The patients at the hospital loved the new cereal product, and became so loyal that WK began receiving mail orders from former guests and their friends who wanted the cereal for home consumption. Dr. John had absolutely no intention of leaving his beloved hospital and medical practice for a task as mundane as the production of breakfast cereal, so it fell to WK to set up a manufacturing facility to produce the flakes in bulk. By 1906, Kellogg’s Corn Flakes had become widely available to the public, launched through the power of the first cereal promotion in history, a premium gift with purchase.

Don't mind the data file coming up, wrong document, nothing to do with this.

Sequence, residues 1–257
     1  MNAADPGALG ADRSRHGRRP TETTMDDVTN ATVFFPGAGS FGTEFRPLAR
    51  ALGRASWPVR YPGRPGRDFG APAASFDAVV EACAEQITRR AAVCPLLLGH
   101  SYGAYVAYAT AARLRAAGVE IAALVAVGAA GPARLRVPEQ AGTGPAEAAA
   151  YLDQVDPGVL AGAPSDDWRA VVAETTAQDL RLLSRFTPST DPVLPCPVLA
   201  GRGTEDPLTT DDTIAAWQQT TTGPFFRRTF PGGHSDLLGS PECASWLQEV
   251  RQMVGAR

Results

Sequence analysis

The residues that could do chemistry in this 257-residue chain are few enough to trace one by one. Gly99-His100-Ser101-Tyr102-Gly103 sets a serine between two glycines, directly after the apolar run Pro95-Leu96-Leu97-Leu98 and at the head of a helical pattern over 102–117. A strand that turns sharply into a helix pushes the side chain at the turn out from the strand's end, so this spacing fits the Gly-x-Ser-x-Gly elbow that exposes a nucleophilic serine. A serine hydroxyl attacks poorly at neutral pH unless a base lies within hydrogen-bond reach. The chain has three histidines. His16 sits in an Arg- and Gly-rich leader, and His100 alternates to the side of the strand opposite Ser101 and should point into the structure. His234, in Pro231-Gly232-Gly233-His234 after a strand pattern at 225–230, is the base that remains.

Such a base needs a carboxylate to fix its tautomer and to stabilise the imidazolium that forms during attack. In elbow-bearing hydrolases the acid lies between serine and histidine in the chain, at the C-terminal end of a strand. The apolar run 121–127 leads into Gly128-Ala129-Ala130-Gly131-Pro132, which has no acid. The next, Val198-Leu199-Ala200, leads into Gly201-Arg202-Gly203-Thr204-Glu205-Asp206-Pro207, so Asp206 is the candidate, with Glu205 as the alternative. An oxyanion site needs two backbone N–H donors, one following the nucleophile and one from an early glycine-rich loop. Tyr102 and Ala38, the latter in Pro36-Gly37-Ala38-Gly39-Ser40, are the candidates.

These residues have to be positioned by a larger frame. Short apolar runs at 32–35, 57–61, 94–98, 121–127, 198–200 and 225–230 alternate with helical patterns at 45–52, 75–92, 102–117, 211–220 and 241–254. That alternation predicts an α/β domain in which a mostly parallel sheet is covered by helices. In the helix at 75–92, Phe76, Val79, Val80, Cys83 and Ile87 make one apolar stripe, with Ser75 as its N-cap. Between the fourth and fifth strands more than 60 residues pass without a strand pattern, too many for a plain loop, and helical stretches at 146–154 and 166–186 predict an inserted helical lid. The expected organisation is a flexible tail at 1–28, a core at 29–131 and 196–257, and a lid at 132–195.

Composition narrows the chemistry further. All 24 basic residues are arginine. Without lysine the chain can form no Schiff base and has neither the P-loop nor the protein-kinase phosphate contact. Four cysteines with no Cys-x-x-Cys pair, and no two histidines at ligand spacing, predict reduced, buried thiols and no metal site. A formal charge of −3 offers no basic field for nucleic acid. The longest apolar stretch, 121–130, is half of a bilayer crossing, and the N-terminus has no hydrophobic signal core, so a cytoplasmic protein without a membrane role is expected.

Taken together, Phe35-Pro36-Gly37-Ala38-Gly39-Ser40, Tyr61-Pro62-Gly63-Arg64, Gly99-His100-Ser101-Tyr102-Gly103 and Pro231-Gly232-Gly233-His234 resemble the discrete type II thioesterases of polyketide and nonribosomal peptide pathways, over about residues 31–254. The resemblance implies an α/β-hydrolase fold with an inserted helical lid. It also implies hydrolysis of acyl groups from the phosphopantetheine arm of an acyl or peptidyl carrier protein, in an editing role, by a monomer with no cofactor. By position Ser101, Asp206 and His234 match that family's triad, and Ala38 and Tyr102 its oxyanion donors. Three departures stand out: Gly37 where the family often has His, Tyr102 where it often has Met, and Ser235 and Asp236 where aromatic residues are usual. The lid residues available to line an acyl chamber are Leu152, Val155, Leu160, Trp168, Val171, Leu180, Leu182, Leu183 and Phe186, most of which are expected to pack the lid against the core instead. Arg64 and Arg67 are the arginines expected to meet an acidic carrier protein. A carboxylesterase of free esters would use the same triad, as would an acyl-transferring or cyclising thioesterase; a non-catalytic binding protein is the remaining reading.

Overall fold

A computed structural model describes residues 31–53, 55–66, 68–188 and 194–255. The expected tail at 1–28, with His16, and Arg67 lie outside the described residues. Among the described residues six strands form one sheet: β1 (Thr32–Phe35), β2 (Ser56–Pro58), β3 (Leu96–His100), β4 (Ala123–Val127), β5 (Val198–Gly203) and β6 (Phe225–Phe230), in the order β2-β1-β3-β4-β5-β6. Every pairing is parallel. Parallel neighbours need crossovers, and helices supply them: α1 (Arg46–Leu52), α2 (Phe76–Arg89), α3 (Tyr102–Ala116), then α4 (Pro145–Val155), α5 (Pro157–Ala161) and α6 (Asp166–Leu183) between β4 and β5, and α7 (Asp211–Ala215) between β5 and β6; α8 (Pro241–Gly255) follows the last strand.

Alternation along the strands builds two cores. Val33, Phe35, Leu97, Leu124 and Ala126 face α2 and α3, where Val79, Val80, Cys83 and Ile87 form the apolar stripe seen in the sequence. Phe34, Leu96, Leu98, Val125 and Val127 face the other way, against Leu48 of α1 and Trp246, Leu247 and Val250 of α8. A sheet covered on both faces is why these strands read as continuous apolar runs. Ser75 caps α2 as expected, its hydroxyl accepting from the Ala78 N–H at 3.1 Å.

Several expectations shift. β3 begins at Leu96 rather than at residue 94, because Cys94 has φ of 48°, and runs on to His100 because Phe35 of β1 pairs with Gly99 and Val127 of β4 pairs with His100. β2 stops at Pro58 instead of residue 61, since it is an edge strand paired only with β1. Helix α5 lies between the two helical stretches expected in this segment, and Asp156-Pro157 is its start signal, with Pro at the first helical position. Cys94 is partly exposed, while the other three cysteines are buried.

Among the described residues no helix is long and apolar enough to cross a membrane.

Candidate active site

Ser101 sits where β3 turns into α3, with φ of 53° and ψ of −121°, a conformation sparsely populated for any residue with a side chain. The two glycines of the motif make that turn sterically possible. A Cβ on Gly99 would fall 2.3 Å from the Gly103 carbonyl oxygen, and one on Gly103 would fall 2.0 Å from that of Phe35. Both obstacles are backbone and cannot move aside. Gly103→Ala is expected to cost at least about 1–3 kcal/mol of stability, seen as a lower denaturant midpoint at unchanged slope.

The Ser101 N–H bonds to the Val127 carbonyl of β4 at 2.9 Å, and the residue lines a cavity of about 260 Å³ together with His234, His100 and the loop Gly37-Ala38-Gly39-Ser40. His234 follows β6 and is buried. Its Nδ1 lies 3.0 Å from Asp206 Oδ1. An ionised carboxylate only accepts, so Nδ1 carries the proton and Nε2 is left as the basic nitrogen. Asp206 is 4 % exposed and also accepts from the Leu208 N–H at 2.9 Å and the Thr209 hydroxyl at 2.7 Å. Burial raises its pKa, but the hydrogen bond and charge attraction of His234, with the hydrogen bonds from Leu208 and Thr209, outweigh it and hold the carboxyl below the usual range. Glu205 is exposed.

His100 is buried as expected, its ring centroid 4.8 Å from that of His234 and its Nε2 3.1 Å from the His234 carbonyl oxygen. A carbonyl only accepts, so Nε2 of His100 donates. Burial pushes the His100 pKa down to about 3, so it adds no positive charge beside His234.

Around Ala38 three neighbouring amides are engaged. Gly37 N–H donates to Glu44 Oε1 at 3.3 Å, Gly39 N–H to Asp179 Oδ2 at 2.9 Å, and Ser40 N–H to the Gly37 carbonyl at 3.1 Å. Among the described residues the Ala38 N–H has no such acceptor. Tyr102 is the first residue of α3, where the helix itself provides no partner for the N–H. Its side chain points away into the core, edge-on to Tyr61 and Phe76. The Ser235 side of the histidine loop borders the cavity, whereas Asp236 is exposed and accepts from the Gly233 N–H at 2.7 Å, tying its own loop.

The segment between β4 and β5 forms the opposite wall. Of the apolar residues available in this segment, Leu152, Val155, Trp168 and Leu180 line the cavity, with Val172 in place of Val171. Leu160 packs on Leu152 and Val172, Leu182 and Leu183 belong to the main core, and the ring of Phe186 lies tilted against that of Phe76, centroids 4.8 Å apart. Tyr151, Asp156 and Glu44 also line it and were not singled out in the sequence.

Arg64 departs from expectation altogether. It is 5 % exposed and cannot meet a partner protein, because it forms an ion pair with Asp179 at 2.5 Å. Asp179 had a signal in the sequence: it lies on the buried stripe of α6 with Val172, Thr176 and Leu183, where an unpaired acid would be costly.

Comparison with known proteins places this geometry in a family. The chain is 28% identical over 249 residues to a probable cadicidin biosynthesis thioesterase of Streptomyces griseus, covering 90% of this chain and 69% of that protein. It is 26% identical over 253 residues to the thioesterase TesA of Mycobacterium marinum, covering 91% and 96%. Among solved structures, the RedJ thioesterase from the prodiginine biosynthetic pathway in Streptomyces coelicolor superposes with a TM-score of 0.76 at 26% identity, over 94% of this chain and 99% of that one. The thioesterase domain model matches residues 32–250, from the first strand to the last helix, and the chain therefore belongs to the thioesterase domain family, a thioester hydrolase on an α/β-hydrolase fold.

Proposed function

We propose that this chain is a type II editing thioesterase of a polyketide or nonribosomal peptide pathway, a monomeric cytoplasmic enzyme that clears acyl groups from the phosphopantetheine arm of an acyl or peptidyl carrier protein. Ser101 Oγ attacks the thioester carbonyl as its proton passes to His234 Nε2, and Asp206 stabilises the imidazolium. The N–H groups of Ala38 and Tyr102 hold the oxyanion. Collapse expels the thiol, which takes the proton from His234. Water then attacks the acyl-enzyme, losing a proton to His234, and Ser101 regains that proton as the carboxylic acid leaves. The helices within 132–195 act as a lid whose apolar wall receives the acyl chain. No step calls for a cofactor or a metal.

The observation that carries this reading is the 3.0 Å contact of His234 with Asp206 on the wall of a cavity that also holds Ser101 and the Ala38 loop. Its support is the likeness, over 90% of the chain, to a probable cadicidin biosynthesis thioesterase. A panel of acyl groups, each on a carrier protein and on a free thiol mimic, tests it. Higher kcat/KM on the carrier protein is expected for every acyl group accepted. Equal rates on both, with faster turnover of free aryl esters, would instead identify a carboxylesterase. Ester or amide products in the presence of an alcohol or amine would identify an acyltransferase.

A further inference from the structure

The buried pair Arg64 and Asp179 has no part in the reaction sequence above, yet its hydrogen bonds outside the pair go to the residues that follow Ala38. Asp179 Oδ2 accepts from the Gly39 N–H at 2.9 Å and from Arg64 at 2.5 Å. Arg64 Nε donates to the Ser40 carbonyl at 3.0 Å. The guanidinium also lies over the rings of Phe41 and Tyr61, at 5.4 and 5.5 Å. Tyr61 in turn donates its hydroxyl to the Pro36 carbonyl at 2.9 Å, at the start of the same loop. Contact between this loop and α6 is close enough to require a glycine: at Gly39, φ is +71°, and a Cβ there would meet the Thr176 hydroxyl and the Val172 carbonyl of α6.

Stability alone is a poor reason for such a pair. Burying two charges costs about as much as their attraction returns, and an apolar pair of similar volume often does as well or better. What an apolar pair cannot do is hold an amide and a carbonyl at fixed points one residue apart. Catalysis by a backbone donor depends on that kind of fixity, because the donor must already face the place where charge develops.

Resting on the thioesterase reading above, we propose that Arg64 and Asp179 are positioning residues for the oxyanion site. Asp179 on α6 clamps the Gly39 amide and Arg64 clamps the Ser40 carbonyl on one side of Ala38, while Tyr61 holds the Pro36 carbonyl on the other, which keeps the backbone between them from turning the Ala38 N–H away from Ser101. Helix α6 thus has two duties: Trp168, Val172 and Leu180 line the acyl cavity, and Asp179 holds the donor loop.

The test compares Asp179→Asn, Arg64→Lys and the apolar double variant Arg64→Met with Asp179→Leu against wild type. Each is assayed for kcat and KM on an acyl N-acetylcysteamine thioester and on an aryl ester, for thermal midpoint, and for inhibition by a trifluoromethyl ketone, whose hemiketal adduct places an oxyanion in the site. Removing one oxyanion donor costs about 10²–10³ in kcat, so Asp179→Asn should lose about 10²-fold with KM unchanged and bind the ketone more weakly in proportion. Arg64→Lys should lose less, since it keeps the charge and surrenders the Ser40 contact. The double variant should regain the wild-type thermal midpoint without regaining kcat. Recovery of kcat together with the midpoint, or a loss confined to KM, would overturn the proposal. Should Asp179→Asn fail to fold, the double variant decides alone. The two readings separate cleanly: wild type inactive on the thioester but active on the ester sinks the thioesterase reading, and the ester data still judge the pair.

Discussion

“The Funny Jungleland Moving Pictures Book” featured drawings of an elephant, a giraffe, a lion and an alligator. The drawings were formatted so children could interpose the head of one animal onto the body of another and the legs of a third. Kellogg produced eight carloads of the books and delivered them to grocers with their orders. Grocers, in turn, gave one book to every consumer buying two boxes of Kellogg’s Corn Flakes. This simple little premium promotion would prove to be the backbone of Kellogg’s marketing for the next 23 years.
In 1909, Kellogg’s changed the book promotion from an in-store giveaway to a premium mail-in offer. Consumers were offered the books through on-pack ads, all for the cost of one thin dime. Now a dime doesn’t sound like much today, but according to the Federal Reserve Bank of Minneapolis, it was worth the equivalent of $1.87 in 2003 dollars. By early 1912, Kellogg’s had distributed an astonishing 2.5 million Jungleland books.